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Never before in the history of mankind have there been so many weapons in circulation. Automatic rifles, revolvers, machine guns, grenade launchers and so on. In all, nearly 500 million small arms and light weapons (SALW) are scattered in all four corners of the planet. There are some 100 million in Africa alone. The consequences are well-known. Some 90% of the victims of war, women and children for the most part, were killed by small arms fire. The over-supply of small arms has always had a negative impact on development, encouraging ever more violent crime and often connected with drug trafficking.

Stemming the flow of SALW and destroying illicit stocks are genuine challenges for the international community. Several initiatives are currently under way to tackle the proliferation of small arms, run by the United Nations, the European Union and several regions of Africa. GRIP is closely connected with most of these initiatives. Whether in New York, Brussels or in the heart of Africa, GRIP’s SALW expertise is widely recognised and highly regarded.


UN Photo/Martine Perret

ONUB: Demobilization of Burundian Military
Weapons being burnt during the official launch of the Disarmament, Demobilization, Rehabilitation and Reintegration (DDRR) process in Muramvya, Burundi. Burundian military signed up voluntarily to be disarmed under the auspices of United Nations peacekeepers and observers.
Location: Muramvya, Burundi
Date: 02 December 2004
UN Photo/Martine Perret

Peacekeepers Assist with Disarmament, Demobilization, and Reintegration in DRC
A United Nations peacekeeper from the Indian battalion of the United Nations Organization Mission in the Democratic Republic of the Congo (MONUC) examines AK-47 magazines stored in a warehouse in Beni, where all weapons and ammunition are stored after they have been collected in the demobilization process in Matembo, North Kivu.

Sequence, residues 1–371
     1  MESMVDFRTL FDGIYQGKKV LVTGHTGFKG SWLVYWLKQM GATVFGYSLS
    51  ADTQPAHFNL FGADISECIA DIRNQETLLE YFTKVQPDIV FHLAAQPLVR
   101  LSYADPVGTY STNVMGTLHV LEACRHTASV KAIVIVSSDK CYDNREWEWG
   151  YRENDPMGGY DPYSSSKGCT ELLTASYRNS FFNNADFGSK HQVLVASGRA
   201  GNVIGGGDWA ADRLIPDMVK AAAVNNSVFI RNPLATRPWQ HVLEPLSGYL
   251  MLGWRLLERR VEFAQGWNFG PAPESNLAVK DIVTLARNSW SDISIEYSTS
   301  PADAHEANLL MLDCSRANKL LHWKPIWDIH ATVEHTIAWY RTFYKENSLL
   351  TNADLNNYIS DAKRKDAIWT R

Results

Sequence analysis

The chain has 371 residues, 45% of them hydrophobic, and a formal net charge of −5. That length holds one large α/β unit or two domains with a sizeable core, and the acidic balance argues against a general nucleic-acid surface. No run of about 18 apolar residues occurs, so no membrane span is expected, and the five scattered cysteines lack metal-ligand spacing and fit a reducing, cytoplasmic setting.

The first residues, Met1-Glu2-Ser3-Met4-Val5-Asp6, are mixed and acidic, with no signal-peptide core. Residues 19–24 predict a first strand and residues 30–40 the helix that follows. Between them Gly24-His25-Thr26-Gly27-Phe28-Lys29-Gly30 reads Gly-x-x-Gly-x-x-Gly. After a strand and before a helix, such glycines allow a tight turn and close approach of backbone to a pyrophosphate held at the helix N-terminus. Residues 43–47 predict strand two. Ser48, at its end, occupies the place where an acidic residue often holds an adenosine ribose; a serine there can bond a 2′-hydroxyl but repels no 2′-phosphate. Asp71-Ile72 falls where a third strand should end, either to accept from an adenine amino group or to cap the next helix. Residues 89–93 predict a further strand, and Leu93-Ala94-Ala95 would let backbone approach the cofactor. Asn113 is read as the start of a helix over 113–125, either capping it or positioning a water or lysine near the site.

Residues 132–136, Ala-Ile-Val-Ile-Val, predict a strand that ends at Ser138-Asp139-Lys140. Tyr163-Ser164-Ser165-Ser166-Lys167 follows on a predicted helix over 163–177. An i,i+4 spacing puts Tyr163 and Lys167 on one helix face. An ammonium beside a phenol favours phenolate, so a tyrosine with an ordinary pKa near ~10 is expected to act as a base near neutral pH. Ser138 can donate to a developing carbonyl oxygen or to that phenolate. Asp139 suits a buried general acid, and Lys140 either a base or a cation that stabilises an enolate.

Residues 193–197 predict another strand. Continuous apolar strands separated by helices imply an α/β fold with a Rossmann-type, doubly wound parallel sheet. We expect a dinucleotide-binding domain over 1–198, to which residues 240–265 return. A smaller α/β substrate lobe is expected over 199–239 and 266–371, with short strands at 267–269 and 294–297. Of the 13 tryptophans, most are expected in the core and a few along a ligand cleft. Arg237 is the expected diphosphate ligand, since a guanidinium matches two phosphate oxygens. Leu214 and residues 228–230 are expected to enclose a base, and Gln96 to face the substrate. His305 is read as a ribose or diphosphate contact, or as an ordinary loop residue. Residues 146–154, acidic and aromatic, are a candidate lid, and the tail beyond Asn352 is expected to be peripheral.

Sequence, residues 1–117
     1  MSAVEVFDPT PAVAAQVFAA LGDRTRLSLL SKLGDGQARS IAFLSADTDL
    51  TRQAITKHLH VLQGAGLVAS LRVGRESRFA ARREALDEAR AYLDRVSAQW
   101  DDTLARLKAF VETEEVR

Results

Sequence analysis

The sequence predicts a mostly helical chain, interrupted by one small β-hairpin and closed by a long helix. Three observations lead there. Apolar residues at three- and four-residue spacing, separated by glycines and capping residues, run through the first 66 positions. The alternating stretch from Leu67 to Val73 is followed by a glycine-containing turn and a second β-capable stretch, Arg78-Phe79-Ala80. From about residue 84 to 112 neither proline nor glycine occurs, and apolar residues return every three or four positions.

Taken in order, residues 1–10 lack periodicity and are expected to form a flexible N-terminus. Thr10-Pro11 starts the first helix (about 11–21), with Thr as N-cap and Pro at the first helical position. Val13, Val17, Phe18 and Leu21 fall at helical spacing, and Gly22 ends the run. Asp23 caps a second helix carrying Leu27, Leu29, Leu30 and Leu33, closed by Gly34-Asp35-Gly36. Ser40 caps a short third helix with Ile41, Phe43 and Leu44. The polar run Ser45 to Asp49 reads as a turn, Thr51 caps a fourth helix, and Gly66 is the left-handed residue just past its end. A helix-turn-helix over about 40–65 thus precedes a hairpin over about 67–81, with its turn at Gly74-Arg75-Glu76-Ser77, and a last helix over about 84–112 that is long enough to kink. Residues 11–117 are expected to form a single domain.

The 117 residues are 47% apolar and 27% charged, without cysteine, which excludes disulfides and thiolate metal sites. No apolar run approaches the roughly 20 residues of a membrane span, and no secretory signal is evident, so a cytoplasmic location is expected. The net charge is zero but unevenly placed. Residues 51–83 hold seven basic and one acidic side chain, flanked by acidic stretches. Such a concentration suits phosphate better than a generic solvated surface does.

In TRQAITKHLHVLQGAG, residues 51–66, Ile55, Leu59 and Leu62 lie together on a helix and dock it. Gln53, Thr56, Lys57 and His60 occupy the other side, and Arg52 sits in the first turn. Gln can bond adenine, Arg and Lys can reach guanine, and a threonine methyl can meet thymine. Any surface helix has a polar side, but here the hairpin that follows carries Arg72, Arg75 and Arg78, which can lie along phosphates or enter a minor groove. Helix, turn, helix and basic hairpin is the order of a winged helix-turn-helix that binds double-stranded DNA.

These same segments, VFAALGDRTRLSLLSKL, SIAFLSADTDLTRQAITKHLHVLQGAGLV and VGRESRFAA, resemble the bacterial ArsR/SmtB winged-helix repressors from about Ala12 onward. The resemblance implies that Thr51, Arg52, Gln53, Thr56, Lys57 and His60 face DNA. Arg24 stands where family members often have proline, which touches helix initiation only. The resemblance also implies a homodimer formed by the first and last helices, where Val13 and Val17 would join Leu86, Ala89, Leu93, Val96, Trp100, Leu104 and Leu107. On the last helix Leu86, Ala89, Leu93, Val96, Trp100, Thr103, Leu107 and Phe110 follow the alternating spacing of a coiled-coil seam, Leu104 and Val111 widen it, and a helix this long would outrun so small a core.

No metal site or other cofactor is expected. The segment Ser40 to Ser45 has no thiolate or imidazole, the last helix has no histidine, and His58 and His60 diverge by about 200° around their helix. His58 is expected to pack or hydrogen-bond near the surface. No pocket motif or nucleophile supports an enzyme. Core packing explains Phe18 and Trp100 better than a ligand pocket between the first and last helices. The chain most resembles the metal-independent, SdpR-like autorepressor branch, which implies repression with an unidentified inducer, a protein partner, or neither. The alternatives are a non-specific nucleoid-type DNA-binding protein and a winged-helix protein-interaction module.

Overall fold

Location: Beni, Democratic Republic of the Congo
Date: 09 November 2006

Is there really a EU Strategy against small arms proliferation?(Cédric Poitevin)

The adoption of a strategy against the proliferation of SALW (small arms and light weapons) has allowed the EU to better structure its many initiatives to assist areas affected by the proliferation of SALW and the promotion of multilateralism in fight against this scourge. Still its Member States are struggling to harmonise their practices in the SALW trade and thus to act preventively against diversion and proliferation. This lack of coordination could be filled through practical initiatives such as the introduction of a "New for Old" clause and a better exchange of information between the 27 on diversion. Failing to do so, the EU policy in this area will be forever limited to repair the damage caused by SALW (including those coming from the EU) in post-conflict countries.

Weapon transfers to peacekeeping missions : nothing to report? (Timothy Ghilain)